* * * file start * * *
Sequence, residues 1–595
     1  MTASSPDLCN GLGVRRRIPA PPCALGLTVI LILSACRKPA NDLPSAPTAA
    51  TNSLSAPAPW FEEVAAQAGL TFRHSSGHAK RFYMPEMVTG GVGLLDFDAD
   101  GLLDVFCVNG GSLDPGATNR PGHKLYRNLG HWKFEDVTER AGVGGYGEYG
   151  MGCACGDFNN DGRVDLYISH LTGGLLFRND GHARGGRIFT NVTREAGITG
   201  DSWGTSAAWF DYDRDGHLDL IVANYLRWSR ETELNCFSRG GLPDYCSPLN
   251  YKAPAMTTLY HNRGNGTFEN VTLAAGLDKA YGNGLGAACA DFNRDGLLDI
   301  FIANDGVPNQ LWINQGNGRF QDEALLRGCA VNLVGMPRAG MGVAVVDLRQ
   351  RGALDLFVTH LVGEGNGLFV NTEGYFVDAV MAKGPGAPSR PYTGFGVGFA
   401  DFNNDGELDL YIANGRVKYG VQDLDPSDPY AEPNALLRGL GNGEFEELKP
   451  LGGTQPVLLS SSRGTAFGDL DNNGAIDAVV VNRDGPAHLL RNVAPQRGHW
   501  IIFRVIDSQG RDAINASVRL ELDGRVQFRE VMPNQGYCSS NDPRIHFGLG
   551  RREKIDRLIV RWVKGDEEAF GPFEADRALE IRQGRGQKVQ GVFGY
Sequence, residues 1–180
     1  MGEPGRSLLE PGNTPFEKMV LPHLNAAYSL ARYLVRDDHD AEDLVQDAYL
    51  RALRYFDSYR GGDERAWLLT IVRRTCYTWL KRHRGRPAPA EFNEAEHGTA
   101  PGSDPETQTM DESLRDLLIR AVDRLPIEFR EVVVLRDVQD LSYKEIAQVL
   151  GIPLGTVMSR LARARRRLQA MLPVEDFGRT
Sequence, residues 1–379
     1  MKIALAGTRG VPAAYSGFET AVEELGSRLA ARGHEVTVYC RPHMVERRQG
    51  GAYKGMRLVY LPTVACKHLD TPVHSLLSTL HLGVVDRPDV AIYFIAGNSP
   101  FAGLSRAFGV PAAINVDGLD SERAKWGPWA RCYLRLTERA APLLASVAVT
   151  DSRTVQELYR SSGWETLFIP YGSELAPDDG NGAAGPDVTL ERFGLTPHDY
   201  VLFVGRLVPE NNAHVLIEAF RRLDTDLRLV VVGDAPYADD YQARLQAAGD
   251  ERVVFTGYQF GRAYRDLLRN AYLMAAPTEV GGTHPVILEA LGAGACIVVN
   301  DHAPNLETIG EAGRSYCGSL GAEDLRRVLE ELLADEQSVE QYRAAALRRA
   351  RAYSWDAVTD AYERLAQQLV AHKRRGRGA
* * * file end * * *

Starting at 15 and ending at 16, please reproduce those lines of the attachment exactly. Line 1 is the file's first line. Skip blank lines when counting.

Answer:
     1  MGEPGRSLLE PGNTPFEKMV LPHLNAAYSL ARYLVRDDHD AEDLVQDAYL
    51  RALRYFDSYR GGDERAWLLT IVRRTCYTWL KRHRGRPAPA EFNEAEHGTA